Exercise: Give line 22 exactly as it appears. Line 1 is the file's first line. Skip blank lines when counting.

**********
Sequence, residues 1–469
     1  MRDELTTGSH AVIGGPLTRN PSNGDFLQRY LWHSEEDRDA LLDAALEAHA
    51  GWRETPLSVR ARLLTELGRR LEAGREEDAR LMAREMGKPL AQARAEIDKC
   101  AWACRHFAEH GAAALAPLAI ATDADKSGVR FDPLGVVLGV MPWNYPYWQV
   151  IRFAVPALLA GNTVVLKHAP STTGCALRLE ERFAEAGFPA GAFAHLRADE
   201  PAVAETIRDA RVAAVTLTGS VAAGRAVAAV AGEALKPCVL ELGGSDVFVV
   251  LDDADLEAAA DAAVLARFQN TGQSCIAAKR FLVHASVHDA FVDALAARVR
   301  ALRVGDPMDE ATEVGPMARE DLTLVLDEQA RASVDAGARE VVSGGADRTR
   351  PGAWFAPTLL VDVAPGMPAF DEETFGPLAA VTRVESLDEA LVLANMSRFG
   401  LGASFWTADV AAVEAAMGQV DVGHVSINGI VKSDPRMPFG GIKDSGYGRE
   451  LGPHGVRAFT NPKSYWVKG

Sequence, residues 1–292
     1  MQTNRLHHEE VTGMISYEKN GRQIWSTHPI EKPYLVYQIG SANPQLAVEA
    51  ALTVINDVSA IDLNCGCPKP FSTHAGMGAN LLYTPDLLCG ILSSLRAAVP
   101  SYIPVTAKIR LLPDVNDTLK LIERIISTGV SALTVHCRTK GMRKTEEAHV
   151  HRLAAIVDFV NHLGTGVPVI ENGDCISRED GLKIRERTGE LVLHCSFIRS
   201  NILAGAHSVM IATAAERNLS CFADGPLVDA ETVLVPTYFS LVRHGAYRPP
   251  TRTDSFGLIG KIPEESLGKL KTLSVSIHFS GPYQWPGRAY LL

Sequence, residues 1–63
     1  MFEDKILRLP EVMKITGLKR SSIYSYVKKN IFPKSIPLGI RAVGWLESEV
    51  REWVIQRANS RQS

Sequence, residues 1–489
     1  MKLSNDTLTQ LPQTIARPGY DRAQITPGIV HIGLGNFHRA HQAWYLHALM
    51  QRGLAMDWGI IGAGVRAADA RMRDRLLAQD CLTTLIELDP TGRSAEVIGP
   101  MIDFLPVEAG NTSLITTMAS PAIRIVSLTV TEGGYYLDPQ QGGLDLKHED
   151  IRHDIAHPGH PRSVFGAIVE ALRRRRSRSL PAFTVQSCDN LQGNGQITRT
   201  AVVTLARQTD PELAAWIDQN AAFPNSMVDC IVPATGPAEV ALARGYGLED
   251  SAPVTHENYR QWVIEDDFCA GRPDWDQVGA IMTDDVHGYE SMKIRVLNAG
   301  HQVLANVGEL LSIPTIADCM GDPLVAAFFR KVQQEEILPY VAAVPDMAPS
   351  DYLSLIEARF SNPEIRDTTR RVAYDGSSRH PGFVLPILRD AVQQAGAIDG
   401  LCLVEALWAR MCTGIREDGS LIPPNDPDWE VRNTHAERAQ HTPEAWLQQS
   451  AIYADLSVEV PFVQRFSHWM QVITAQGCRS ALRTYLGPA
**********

Sequence, residues 1–489